The five “core Anglosphere” nations on their own would add up to a very impressive economic bloc, Michael Lind is a columnist for “The National Interest” is sure. And he puts a question: ‘What about an Anglosphere customs union for some, though not necessarily all, strategic industries?’
Since the rapprochement of the United States and Britain in the face of the rising German threat in the late nineteenth century, there have been appeals for a union of Churchill’s “English-speaking peoples.”
However, during and after World War II, the United States was more intent on dismantling the British and other European empires to realize the Wilsonian ideal of a single rule-governed global market that could be dominated by American exports and investment.
And members of the bipartisan U.S. diplomatic establishment tended to oppose Brexit, preferring that Britain remain as a pro-American voice in the European Union (EU), otherwise dominated by France and Germany, rather than seek economic independence from the EU bureaucracy and a closer affiliation with the United States.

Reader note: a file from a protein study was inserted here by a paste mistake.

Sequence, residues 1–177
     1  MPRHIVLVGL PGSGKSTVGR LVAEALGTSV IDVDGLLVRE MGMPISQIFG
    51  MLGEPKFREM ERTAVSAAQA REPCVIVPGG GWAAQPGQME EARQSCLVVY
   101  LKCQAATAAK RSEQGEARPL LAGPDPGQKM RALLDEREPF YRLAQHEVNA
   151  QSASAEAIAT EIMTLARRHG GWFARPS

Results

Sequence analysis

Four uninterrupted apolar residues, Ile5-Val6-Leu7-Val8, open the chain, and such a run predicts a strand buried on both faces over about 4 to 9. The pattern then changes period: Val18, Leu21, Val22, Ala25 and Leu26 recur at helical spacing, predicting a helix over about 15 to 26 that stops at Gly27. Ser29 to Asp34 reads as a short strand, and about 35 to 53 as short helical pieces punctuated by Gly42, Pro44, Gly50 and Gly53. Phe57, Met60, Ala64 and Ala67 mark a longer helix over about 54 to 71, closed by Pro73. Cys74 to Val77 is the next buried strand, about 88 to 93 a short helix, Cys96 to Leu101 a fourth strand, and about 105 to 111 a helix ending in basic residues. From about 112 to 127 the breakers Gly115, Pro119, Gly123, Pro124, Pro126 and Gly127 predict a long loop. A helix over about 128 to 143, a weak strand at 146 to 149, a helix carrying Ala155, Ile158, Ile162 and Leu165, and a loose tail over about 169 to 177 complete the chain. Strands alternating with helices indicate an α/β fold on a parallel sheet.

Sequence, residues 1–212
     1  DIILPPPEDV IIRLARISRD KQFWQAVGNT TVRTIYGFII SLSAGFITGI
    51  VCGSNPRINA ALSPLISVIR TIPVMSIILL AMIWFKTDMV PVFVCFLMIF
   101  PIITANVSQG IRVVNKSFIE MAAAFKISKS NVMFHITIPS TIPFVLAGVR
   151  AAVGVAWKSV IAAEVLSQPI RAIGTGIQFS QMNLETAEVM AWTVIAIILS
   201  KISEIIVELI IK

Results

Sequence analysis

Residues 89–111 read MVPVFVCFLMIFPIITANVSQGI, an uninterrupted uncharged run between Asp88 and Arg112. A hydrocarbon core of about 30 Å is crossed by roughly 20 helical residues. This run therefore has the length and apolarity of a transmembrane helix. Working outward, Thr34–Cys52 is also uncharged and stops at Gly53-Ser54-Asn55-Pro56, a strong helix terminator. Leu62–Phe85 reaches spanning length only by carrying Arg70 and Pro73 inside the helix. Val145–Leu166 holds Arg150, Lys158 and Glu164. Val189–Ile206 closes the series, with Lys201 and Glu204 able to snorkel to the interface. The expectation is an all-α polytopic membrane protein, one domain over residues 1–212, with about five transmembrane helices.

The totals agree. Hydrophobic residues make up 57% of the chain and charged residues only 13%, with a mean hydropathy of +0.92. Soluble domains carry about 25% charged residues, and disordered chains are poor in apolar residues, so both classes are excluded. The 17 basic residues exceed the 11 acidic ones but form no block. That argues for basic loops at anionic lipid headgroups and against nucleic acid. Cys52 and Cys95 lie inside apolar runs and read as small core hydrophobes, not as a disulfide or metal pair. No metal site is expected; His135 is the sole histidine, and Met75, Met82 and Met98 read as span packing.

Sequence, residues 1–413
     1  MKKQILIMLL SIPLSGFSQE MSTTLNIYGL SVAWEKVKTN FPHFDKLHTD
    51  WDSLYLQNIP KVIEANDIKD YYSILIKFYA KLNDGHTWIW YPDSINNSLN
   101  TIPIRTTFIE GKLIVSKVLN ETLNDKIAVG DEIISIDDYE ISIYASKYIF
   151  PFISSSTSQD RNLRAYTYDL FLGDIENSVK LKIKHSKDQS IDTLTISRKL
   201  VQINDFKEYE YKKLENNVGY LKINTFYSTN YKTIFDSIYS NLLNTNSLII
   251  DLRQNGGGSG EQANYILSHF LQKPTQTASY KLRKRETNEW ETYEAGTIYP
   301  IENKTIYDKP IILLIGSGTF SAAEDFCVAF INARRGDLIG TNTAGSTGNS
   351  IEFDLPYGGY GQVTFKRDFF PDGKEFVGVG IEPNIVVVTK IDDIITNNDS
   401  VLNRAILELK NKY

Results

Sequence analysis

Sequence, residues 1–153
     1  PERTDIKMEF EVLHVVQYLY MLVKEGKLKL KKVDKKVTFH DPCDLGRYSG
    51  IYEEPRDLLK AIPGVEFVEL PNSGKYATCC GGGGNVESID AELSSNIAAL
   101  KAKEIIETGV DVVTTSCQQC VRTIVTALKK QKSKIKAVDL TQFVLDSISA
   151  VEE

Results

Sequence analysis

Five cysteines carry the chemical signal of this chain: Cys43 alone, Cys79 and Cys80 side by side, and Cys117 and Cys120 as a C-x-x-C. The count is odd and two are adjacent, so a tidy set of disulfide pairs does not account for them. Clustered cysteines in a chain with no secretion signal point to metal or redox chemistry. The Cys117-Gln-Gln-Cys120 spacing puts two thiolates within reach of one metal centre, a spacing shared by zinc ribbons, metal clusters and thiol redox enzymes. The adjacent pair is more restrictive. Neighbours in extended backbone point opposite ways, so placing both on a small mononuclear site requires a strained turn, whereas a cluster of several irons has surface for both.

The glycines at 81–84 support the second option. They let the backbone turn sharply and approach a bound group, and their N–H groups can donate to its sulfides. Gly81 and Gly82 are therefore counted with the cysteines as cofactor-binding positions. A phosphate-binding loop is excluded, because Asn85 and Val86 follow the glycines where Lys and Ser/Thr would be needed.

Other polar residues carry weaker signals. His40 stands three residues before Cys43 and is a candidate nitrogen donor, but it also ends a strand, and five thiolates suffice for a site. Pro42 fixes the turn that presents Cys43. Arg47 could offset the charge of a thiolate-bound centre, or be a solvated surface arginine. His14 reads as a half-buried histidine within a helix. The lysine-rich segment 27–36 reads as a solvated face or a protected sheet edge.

Support for an Anglosphere bloc today is found chiefly on the center-right in English-speaking countries.
Quietly, and with little public discussion, Congress has enlarged the definition of America’s “National Technological and Industrial Base” (NTIB) to officially include the United Kingdom, Canada, and Australia; those countries, together with New Zealand, happen to be the members of the Five Eyes intelligence-sharing partnership.
In September 2021, the United States, United Kingdom, and Australia deepened their strategic partnership with the trilateral AUKUS security pact, designed to help Australia acquire nuclear submarines (and infuriating France, which had hoped to supply Australia with subs but was excluded by the “Anglophone” club)…
Why not pursue such limited strategic autarky at the level of America’s alliance system as a whole? The answer is that coalitions with fewer members are more likely to be effective than coalitions with many.
There is a reason why America’s core intelligence partnership is the ‘Five Eyes’ and not the ‘Thirty Eyes’ (at present there are thirty members of the NATO alliance).
The attempts of the European Union to carry out a common industrial policy have yet to produce impressive results, with the exception of Airbus.
In the aftermath of the failed utopias embodied in the would-be post-Cold War global Pax Americana and European federalism, and in response to the ongoing consolidation of the Sino- Russian bloc in Cold War II a half-billion-member Anglosphere bloc might not be so unrealistic after all, emphasizes Michael Lind in “The National Interest”.
…At the same time it is clear that Europe is thrown out of these Anglo-Saxons’ plans.
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